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Traffic noise kills...

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  • Christopher Miller
    The toll from traffic noise, from a post today at Copenhagenize.com. http://www.copenhagenize.com/2009/09/traffic-noise-kills.html
    Message 1 of 1 , Sep 26, 2009
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      The toll from traffic noise, from a post today at Copenhagenize.com.

      http://www.copenhagenize.com/2009/09/traffic-noise-kills.html

      =========================================================

      Traffic Noise Kills

      Between 200 and 500 people in Denmark die every year because of the
      noise generated by traffic.

      A recent Swedish study of 30,000 people in the province of Skåne has
      confirmed what many other studies have suggested. That the noise
      generated by traffic causes higher blood pressure and increases the
      risk of heart disease, strokes and blood clots.

      "We have determined that at noise levels over 60 decibels there is a
      connection between high blood pressure in the young and the middle-
      aged and that it's an important risk factor in relation to heart
      disease and strokes", says Theo Bodin from the University Hospital in
      Lund.

      Normally traffic noise is considered harmful when the levels are over
      55-59 decibels - dB(A) - on average in a 24 hour period, and very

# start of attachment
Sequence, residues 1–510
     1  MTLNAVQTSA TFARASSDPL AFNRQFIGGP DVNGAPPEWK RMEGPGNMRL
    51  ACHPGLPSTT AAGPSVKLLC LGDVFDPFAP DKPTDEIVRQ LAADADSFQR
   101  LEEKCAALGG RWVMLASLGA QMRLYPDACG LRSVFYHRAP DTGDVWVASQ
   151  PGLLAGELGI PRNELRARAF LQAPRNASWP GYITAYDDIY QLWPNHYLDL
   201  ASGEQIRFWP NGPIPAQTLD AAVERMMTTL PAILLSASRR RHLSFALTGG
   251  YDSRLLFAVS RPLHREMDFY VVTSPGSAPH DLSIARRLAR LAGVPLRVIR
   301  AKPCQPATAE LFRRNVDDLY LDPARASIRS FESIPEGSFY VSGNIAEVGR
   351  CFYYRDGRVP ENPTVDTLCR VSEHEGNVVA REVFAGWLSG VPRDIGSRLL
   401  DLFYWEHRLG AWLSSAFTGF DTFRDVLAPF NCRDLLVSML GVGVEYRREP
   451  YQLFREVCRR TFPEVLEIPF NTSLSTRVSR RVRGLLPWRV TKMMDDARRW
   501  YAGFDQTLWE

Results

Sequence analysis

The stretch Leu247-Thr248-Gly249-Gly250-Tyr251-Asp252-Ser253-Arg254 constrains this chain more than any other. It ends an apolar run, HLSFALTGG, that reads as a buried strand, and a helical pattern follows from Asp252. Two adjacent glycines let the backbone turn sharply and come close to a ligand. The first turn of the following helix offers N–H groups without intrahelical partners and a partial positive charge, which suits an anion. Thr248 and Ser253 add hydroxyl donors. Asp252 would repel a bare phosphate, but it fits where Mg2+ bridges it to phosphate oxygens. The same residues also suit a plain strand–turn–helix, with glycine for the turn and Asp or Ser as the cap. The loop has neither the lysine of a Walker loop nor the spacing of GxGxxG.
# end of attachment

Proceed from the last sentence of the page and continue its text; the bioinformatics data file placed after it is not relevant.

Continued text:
harmful if the level is over 65 decibels.

      For example, a level of 58 decibels is what you'd get 200 metres from
      a road with 20,000 cars each day.

      The results of the Swedish study show that it is the age group 40-60
      years and young adults that are most affected by the noise of traffic.

      When a person is exposed to traffic noise, the sounds trigger a
      reaction in the form of stress, which affects the nervous system.
      This, in turn, affects the body's endocrine glands and stress hormones
      are released into the blood. In order to handle the 'attack' the body
      reacts with higher pulse and blood pressure which increases the risk
      of heart disease.

      A Danish study in the same vein is in the works, involving 57,000
      people. It is expected to wrap up in a year and a half.

      According to the Danish Environmental Agency (Miljøstyrelsen) there
      are 700,000 Danish homes that are in the 55+ decibel zone. Among them
      there are 150,000 homes exposed to more than 65 decibels.

      On the positive side, persons between 60-80 aren't affected as much.
      Possibly because of reduced hearing but also because they have become
      used to the noise.

      On the negative side, it is estimated that between 200 and 500 die
      each year in Denmark due to noise-related illnesses.

      A previous post here on Copenhagenize.com covers how traffic kills ten
      times more people than traffic accidents.

      Fortunately, we have cycling to tackle these issues.



      =========================================================

      Christopher Miller
      Montreal QC Canada



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